John's Journal...

Cobia Fishing with Mississippi's Cobia-Fishing Team Machine

Tagging the Cobia

Click to enlargeEditor’s Note: Tim Reynolds of Ocean Springs, Mississippi, a member of one of the nation’s best cobia-fishing teams, along with Dennis Meins, David Harris and Bo Hamilton, has fished for cobia for 25 years. This week, we’ll look at the techniques his team uses to catch cobia that I learned when I fished with Reynolds Mid-June. We pulled up to a jack-up rig about 35 miles south of Horn Island, off the Mississippi Gulf Coast. As soon as we arrived, two cobia surfaced – one weighed about 40 pounds and the other weighed about 10 pounds.

Question: Tim, why do you like flat, still water with no tide running, when you’re cobia fishing?
Reynolds: When there’s a dead tide, the cobia come to the top of the water column much-more readily. When the current’s ripping, the cobia will hold deeper in the water, and you have to use jigs to coax them to the surface. But I’ve found that fishing in the middle of the day, when there’s no tide, and the weather’s hot as blue blazes, we’ll catch more cobia than we will on pretty, breezy days when there is a tide. Cobia like the sun's warmth Click to enlargebeating on their backs.

Question: Tim, you and Dennis work with Professor Jim Franks, who’s doing cobia research for the University of Mississippi, don’t you?
Reynolds: Yes, we do. We tell him where we’re finding cobia and how many males and females we’re catching. We tag and release cobia for him. Oftentimes, in a season, we’ll tag and release 30 or 40 cobia.

Question: Have you ever caught a tagged cobia?
Reynolds: Yes, we’ve caught three or four. One of the fish we caught had been tagged more than one year ago. We caught it in the Atlantic Ocean, and apparently, it had traveled down the East Coast of Florida, gone around the tip of Florida and then up to the West Coast of Florida. We caught him in Biloxi, Mississippi. We tagged another fish one year, then caught and released itagain the following year.

Question: What have you learned about cobia from Professor Franks?
Reynolds: We’ve learned about their migration routes, including where the cobia move, when they move, and how they move. We’ve learned the temperature ranges these fish like and how quickly the fish grow. Jim Franks tells us what to look for and where to watch for schooling fish.
Question: The first thing this morning, we spotted two cobia, caught Click to enlargeone and caught and released a second one. We returned to the same rig this afternoon and caught another cobia. Do the rigs usually replenish themselves?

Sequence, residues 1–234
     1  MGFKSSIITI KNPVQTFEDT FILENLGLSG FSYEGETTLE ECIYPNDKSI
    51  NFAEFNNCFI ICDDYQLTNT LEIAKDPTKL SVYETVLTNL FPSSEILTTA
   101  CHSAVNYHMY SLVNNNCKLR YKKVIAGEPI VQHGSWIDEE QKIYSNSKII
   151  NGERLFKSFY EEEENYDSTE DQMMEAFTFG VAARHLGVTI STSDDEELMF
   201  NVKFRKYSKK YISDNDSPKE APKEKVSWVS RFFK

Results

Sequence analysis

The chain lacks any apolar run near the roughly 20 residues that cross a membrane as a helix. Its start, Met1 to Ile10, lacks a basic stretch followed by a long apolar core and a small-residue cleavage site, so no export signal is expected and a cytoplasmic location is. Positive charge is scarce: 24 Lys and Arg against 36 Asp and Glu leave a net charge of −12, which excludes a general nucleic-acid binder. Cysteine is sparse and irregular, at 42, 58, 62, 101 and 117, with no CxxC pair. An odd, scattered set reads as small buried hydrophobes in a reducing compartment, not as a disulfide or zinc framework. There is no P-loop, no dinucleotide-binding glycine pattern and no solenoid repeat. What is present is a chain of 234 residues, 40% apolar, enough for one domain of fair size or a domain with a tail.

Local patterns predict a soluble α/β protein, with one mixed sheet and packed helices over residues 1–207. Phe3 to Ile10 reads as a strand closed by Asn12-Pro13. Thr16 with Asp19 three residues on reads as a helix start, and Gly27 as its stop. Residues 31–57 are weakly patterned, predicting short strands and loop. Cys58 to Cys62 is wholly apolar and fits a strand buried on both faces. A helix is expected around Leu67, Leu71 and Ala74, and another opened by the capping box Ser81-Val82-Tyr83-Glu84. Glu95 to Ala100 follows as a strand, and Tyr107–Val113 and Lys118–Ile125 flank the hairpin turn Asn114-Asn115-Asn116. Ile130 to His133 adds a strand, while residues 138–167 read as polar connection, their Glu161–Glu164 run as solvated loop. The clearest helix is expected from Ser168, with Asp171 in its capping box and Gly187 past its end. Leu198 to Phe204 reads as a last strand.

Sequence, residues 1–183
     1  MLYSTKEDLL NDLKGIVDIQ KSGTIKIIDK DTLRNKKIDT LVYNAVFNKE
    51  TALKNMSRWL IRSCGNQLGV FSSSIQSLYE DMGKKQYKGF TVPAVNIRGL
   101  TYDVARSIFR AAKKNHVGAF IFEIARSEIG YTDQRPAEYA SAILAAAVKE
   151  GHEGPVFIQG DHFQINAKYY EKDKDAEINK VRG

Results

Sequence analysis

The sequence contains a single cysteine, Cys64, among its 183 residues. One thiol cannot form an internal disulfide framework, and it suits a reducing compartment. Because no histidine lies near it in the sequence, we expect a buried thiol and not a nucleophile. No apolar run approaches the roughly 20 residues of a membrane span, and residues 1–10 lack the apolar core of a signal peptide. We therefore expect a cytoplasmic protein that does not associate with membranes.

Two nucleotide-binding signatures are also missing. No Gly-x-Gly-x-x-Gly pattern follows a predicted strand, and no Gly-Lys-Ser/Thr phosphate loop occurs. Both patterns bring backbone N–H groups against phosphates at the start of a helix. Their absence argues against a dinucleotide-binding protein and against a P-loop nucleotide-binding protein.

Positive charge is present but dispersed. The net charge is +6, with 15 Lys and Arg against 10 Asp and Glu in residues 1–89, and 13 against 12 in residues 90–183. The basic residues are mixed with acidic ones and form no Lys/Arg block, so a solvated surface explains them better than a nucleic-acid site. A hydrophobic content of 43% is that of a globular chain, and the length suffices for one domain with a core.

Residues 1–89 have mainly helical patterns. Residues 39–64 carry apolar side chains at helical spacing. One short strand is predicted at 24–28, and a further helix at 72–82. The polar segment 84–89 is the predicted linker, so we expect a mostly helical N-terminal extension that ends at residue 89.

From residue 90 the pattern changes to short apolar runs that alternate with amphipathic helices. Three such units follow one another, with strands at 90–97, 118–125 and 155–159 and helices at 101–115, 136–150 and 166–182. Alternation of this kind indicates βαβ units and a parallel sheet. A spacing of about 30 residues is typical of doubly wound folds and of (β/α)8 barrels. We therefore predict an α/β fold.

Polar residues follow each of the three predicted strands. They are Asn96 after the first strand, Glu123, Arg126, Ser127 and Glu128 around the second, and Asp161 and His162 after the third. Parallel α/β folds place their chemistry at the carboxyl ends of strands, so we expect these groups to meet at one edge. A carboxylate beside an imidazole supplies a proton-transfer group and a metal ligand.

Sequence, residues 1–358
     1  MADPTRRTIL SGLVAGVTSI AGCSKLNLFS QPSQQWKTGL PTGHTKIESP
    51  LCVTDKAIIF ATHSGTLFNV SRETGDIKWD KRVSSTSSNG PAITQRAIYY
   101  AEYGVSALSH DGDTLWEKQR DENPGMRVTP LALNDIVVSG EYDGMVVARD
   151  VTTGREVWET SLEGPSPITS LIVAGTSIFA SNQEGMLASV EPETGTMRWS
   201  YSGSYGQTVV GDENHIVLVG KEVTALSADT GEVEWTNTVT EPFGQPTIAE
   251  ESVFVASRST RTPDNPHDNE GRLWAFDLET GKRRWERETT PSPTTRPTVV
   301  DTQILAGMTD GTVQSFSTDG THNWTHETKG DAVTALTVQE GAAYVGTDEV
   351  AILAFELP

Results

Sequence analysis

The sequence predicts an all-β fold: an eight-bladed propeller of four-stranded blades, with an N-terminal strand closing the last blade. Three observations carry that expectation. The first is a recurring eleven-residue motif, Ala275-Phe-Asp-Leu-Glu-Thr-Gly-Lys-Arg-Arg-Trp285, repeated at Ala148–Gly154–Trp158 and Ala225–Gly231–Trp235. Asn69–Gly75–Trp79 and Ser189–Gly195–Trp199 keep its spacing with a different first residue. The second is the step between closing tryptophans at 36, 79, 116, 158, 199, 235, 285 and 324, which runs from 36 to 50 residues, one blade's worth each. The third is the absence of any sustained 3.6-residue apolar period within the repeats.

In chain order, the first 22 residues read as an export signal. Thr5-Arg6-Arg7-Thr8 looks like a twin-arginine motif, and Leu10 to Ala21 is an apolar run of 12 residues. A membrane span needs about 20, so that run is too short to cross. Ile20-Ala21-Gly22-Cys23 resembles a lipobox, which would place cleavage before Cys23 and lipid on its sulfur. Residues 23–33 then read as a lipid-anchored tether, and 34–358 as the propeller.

Reynolds: The rigs constantly replenish themselves with cobia throughout the day. You can fish a certain area of rigs in the Gulf of Mexico, and consistently catch cobia on the same rigs at different times of the day. The rigs are just a place for cobia to hold up in the shade and ambush the baitfish that feed around the rigs. The rigs are a stop-off point for the cobia, and the cobia can hold and feed there for a day or two as they swim through the Gulf.

During the day of cobia fishing, we were constantly on the move. Each time we’d come to a rig, Meins, Hamilton and Harris would start casting jigs to the rigs to locate cobia. If they didn’t catch a cobia on the jigs, they often would pull a cobia to the surface and then cast live bait to the cobia. In one day of fishing, we caught eight cobia that weighed from 30- to 60-pounds each, and we placed them in an ice chest. We caught-and-released three other cobia and had chances to catch five or six more cobia. Currently, the Gulf of Mexico is full of cobia here in June, but you must get out on the water early, have a fast boat and plenty of gas and be willing to fight the sun, the wind and the waves to catch them. During our day of cobia fishing, we ran more than 60-miles offshore and burned 230 gallons of gas and six quarts of oil. So, if you have your own boat, and you plan to go cobia fishing, realize that you must keep running to find and catch the fish. Click to enlarge

To enjoy success at cobia fishing, everyone in the boat must know their roles and be able to play them. Tim Reynolds’ job is to position the boat so the fishermen can cast to the oil and gas rigs where the cobia are holding. Once the cobia are hooked-up, he must use the boat to move the cobia away from the rig and then maneuver the boat to where the fish can be gaffed and placed into the boat. Hamilton must cast and retrieve jigs until he sees or catches cobia. If he hooks a cobia, he must keep the fish he hooked in the water near the surface to pull other cobia in the area up to where the other fishermen can see them and cast live bait to them. Once a second cobia is spotted, the other anglers will cast live bait to it. If a second fish is hooked-up, the remaining fisherman gaffs the first fish and then the second one. Reynolds and his team are like a well-oiled cobia-catching machine. They are the best I’ve ever seen at finding and catching these fine fish that are fun to catch and delicious to eat.

To reach Tim Reynolds, write him at 1599 A Bienville Blvd., Ocean Springs, MS, 39564, or email him at or

For more information on cobia fishing, to book a trip to fish for cobia and to learn about accommodations in Biloxi, call Bobby Carter, the manager of the Isle of Capri, at (228) 436-7928, or visit the website at You won’t find better food or nicer, more-spacious accommodations anywhere else than on the Isle of Capri.

Go to, or call 1-866-See-Miss (733-6477) for more information about Mississippi’s Gulf Coast.

Tomorrow: Switch-Hitting

Check back each day this week for more about "Cobia Fishing with Mississippi's Cobia-Fishing Team Machine"

Day 1: The Jack-Up Rig
Day 2: Catching the Cobia
Day 3: Fishing Structure for Cobia
Day 4: Tagging the Cobia
Day 5: Switch-Hitting



Entry 410, Day 4